Amendments vs Supplements | USFDA

Both amendments and supplements are important tools in the USFDA’s regulatory process with some key differences.


Initiated by the company or requested by the USFDA to make a change to an unapproved application/PAS/tentatively approved application. There are three categories of amendments: major, minor, and unsolicited.

Major amendments are changes that have a significant impact on the safety, efficacy, or labeling of a product and are often required in response to complete response letter (CR) identified by the FDA and require significant time and resources.

Example: manufacturing a new batch of the drug product, performing a new BE study, or developing new analytical procedures.

Minor amendments are an important part of the drug approval process, as they allow for necessary changes to be made without delaying the approval of a drug and can be resolved through an information request (IR) or discipline review letter (DRL).

Example: These amendments are typically used to address minor deficiencies in the DMF, incomplete dissolution data, or labeling issues.

Unsolicited amendment is a type of amendment submitted to the FDA without being requested. These amendments can be classified as either major or minor, depending on the content of the amendment. The FDA has specific guidelines and processes in place for reviewing and addressing unsolicited amendments to ensure the safety and effectiveness of drugs on the market.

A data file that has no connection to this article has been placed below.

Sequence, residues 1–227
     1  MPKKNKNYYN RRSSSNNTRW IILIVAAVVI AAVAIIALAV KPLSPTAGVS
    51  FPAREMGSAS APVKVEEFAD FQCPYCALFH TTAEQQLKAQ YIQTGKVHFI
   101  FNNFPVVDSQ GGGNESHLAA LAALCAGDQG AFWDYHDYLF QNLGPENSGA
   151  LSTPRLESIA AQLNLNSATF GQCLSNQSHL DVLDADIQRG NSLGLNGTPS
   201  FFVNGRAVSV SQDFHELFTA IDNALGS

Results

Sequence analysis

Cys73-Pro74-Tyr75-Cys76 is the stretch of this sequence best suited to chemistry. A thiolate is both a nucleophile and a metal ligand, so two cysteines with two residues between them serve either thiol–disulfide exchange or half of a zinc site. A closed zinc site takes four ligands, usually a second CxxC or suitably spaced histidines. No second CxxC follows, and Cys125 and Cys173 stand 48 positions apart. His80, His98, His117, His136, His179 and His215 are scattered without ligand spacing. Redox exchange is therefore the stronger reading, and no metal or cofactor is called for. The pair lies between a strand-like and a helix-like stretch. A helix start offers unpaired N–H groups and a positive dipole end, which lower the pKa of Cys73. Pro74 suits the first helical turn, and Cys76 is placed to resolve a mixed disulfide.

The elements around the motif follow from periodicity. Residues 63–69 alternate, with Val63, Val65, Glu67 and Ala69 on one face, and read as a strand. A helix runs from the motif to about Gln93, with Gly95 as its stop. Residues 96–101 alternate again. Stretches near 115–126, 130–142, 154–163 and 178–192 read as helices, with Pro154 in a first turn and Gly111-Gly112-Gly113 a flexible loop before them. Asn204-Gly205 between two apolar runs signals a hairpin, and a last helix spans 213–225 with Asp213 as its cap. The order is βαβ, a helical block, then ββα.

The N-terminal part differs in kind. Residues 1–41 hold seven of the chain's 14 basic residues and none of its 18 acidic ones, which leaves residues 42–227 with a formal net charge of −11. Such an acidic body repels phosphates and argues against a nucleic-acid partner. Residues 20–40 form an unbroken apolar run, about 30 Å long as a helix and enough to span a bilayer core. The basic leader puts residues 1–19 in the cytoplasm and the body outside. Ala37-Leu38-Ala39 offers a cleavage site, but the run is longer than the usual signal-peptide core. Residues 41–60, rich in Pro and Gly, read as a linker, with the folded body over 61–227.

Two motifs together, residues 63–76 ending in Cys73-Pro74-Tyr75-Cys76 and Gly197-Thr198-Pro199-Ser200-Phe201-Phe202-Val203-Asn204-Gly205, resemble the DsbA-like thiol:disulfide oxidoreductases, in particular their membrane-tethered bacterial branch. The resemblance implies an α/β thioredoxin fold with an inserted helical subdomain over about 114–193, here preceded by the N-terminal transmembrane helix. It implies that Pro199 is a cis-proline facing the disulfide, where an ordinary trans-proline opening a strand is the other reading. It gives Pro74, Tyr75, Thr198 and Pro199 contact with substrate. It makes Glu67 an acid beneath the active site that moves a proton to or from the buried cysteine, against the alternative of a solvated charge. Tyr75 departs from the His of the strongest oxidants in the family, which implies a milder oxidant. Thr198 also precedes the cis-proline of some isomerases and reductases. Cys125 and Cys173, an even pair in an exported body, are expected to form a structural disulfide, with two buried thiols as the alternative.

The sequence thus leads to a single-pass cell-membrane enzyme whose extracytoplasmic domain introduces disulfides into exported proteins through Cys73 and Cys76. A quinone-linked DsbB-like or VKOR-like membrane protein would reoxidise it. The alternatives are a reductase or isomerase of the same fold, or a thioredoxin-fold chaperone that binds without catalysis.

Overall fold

Requests for final approval with no new data, information, or other changes to the ANDA must be submitted at least 90 days prior to the date on which the applicant seeks final approval.


Request by a company to add new information or data to an approved application. Unlike amendments, supplements do not involve changes to the product itself. There are three types of supplements: annual reports, CBE-0, and CBE-30.

Annual reports are submitted every year with changes that has “minimal potential to have an adverse effect” on the identity, strength, quality, purity, or potency of the drug product as these factors may relate to the safety or effectiveness of the drug product.

CBE-0 (Changes Being Effected) supplements are submitted to the USFDA for minor changes that are intended to improve the product’s safety, efficacy, or labeling. Changes subject to this type of supplement contain changes for which distribution can occur when FDA receives the supplement.

CBE-30 (Changes Being Effected – 30) supplements are submitted for moderate changes. Changes that fall into this category require the submission of a supplement that must be made to the FDA at least 30 days before the changed drug product is distributed.

PAS (Prior Approval Supplement) is a type of supplement that is submitted for major changes to an already approved application. These changes require prior approval from the USFDA and cannot be implemented until approval is received.

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Resource Person: Bharathi Kodali

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